Using Maven profile and filtering to package various environments

Time:2021-3-4

Each project will have multiple running environments (development, testing, formal, etc.) and different environment configurations (e.g jdbc.url )With the convenience of Jenkins and automatic deployment, we can separate the configuration files of different environments, and replace the packaged files with the configuration files of corresponding environments after packaging. In fact, Maven has provided us with a replacement Replacement scheme:profile + filtering

Filtering

Filtering is a function provided by Maven’s resource plug-in. Its function is to replace attributes with environment variables, attributes defined in POM files and attributes in specified configuration files(*.properties)A place holder in a file(${jdbc.url})The specific use is as follows:
staysrc/main/resourcesThe directory has a configuration filejdbc.propertiesThe contents are as follows:

jdbc.url=${pom.jdbc.url}
jdbc.username=${pom.jdbc.username}
jdbc.passworkd=${pom.jdbc.password}

Configure the resource plug-in, enable the filtering function and add attributes to POM:

<project>
    ...
    <! -- replace with the attributes defined in POM -- >    
    <properties>
        <pom.jdbc.url>jdbc:mysql://127.0.0.1:3306/dev</pom.jdbc.url>
        <pom.jdbc.username>root</pom.jdbc.username>
        <pom.jdbc.password>123456</pom.jdbc.password>
    </properties>
    <build>
      ...
        <! -- you can write attributes to a file and replace them with the attributes defined in the attribute file -- >
        <filters>
            <filter>src/main/filters.properties</filter>
        </filters>
        <resources>
          <resource>
            <directory>src/main/resources</directory>
            <filtering>true</filtering>
          </resource>
        </resources>
        ...
    </build>
    ...
</project>

After compiling the packagetargetUnder the directoryjdbc.properties:

jdbc.url=jdbc:mysql://127.0.0.1:3306/dev
jdbc.username=root
jdbc.passworkd=123456

Profile introduction

What is profile?<profile>It’s like<dependencies>The same is an XML element in the POM file. In the profile, almost all the contents defined in the POM can be defined(<dependencies><properties>, plug-in configuration, etc., but it can’t define itself any more. When a profile is activated, it defines<dependencies><properties>And so on, the same content defined in the original POM will be covered, so that different configurations can be used by activating different profiles.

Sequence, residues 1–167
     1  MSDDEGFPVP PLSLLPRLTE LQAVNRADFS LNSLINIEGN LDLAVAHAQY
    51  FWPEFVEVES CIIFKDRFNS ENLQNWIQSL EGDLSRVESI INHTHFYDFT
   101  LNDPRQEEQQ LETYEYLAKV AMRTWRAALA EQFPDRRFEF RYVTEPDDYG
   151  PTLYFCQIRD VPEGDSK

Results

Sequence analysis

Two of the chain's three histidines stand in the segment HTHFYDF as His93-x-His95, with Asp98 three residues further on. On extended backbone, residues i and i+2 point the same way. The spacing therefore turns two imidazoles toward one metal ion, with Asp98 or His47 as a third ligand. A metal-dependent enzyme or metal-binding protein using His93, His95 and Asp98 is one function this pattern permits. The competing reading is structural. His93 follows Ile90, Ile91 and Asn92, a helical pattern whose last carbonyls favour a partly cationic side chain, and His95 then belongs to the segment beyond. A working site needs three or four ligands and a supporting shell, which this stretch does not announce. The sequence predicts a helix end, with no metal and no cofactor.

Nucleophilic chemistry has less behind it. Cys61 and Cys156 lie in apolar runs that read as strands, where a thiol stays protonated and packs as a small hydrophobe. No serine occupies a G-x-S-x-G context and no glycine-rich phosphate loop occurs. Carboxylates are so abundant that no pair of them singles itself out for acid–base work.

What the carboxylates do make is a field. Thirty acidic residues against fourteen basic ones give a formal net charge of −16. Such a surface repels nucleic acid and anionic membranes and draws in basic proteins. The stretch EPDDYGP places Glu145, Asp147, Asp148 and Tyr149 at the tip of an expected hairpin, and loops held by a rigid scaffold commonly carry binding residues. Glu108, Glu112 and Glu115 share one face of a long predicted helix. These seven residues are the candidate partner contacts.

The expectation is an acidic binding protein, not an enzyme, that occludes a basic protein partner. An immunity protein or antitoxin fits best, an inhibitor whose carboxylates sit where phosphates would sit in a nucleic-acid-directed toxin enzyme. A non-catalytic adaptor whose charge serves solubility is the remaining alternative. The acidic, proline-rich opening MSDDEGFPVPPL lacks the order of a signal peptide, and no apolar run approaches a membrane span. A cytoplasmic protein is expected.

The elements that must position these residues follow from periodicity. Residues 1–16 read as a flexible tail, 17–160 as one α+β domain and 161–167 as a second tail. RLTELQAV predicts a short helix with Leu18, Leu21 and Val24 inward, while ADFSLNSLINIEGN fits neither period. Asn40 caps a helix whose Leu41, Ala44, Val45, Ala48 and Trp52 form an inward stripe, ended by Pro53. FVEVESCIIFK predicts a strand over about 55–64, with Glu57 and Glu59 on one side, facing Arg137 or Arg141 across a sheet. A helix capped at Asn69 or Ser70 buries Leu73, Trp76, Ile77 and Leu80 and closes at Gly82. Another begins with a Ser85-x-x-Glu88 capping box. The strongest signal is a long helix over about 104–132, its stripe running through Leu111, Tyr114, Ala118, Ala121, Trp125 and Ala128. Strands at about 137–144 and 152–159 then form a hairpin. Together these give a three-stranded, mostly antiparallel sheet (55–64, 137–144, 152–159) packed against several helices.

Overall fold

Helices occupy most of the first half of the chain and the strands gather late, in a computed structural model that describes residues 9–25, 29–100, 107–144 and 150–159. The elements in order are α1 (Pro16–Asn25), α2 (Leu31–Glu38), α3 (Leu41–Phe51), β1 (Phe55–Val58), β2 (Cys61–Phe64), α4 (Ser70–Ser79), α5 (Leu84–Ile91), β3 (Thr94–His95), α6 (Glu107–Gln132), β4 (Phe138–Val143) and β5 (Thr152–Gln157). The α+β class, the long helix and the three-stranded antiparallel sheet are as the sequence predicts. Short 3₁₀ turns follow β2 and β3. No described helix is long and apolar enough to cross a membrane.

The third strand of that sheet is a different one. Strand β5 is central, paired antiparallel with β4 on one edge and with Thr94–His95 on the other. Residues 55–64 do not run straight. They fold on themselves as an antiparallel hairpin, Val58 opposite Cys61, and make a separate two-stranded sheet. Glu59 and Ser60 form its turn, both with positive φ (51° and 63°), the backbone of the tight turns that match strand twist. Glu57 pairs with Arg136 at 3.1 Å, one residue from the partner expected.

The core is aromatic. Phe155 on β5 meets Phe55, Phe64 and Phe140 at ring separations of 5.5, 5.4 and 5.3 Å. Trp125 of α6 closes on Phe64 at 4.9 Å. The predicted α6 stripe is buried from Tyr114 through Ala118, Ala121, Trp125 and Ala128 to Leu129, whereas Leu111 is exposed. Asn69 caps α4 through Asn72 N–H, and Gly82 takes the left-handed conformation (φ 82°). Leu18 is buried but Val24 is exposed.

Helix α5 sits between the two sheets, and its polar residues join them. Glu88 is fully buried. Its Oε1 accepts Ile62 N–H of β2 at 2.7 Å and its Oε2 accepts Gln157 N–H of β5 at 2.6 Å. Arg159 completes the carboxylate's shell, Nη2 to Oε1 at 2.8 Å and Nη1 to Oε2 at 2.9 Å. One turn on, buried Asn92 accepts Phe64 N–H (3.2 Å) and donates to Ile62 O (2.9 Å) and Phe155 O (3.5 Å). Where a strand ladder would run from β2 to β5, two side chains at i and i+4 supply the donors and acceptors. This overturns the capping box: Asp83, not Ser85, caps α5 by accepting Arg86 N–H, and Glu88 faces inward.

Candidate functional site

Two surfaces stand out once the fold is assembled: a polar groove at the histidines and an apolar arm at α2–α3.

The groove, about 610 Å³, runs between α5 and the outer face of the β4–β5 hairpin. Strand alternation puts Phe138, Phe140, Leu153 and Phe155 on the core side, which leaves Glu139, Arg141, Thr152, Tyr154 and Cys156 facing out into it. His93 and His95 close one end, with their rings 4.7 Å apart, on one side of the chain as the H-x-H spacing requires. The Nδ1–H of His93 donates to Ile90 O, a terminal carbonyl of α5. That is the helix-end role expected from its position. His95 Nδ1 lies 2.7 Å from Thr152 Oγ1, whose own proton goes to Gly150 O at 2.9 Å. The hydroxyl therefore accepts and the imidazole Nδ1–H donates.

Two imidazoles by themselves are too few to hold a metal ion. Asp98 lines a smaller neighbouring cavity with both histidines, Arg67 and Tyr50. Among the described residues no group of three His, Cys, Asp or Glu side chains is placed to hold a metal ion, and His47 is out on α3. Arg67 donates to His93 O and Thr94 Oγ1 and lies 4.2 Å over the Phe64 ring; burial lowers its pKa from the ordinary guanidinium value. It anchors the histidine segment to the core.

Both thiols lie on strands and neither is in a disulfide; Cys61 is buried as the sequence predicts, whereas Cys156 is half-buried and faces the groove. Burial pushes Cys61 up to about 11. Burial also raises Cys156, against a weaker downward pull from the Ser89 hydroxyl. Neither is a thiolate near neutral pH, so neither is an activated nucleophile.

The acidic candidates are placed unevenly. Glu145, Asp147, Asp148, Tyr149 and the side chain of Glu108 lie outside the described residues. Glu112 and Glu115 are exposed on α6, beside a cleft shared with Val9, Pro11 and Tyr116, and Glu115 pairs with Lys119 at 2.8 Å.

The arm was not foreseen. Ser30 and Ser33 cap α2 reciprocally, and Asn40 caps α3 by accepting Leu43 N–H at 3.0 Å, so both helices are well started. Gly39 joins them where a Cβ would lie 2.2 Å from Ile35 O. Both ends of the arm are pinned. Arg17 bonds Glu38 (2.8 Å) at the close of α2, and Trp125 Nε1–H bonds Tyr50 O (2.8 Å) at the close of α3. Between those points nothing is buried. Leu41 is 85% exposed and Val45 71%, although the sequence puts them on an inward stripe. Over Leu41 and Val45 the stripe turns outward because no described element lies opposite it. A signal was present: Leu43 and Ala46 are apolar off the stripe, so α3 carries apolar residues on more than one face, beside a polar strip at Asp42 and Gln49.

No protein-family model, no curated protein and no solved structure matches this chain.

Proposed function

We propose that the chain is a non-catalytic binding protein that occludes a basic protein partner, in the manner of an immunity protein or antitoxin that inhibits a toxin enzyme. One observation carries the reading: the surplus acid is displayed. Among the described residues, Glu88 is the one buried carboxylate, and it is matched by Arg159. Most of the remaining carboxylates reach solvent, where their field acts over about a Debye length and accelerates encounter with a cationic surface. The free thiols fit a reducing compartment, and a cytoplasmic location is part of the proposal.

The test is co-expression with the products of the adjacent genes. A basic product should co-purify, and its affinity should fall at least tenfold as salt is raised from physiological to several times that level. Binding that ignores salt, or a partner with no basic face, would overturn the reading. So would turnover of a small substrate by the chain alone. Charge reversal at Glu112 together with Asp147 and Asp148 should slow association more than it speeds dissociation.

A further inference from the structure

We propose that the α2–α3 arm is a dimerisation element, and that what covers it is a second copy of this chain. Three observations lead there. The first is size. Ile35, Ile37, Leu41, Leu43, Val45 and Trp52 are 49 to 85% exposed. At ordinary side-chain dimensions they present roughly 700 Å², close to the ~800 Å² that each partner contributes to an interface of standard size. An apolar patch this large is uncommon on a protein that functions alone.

<! -- the perceptual knowledge of profile -- >
<project>
    ...
    <profiles>
      <profile>
        <id>dev</id>
        <properties>
            <active.profile>dev</active.profile>
            <pom.jdbc.url>jdbc:mysql://127.0.0.1:3306/dev</pom.jdbc.url>
        </properties>
        <activation>
            <activeByDefault>true</activeByDefault>
        </activation>
        <dependencies>
            <dependency>
                <groupId>org.springframework</groupId>
                <artifactId>spring-context</artifactId>
                <version>3.2.4.RELEASE</version>
            </dependency>
        <dependencies>
      </profile>
    </profiles>
    <dependencies>
        <dependency>
            <groupId>log4j</groupId>
            <artifactId>log4j</artifactId>
            <version>1.2.14</version>
        </dependency>
    </dependencies>
    ...
</project>

How to configure profile

Profiles can be configured in two places:settings.xmlandpom.xml

  • settings.xmlThe profile defined in is global and can be used for all projects. The configuration items defined in are also slightly less. Only the remote server information and attribute information can be defined(<repositories>,<pluginRepositories>, <properties>)。The information is in thepom.xmlIt can also be defined.

  • pom.xmlThe configuration that can be defined in is as follows:

  • <repositories>

  • <pluginRepositories>

  • <dependencies>

  • <plugins>

  • <properties>

  • <modules>

  • <reporting>

  • <dependencyManagement>

  • <distributionManagement>

  • And under build:

  • <defaultGoal>

  • <resources>

  • <testResources>

  • <finalName>

If the profile is activated, the configuration in the profile and the original POM will be overlapped and merged.

How to activate profile

Profile can be activated in many ways (explicit, implicit)

Explicit activation

Through Maven’s-PThe parameter activates the specified profile. The value of the parameter is the ID of the profile. Multiple profiles are separated by commas. If you do not want to activate a default profile, add one before its ID!

mvn -U clean package -Ptest,local,!ignore

In idea, you can directly check the profile you want to activate in Maven projects

Implicit activation

When configuring a profile, you can<profile>Of<activation>Element.

Default activation

  • pom.xmlIn the file

<! -- activate by default -- >
<profiles>
  <profile>
    <activation>
        <activeByDefault>true</activeByDefault>
    </activation>
  </profile>
</profiles>
  • settings.xmlIn the document, it was passed<activeProfiles>To configure the default active profile list

<activeProfiles>
    <activeProfile>artifactory</activeProfile>
</activeProfiles>

Activation based on operating system type

<profiles>
    <profile>
        <activation>
            <os>
                <! -- do not specify all information -- >
                <name>linux</name>
                <family>unix</family>
                <arch>amd64</arch>
                <version>3.19.0-30-generic</version>
            </os>
      </activation>
    </profile>
</profiles>

More information about OS values can be found in thehere

Activate according to JDK version

<! -- if the JDK version is 1.8, activate the profile -- >
<profiles>
  <profile>
    <activation>
      <jdk>1.8</jdk>
    </activation>
    </profile>
</profiles>

You can also pass the[1.6,1.8)Match multiple JDK versions. Please refer to the matching pattern for detailshere

Activation based on environment variables

<! -- if there is' debug 'in the environment variable and its value is' true', activate -- >
<! -- you can also not specify the '< value >' element, then only the 'debug' in the environment variable will be activated -- >
<profiles>
  <profile>
    <activation>
      <property>
        <name>debug</name>
        <value>true</value>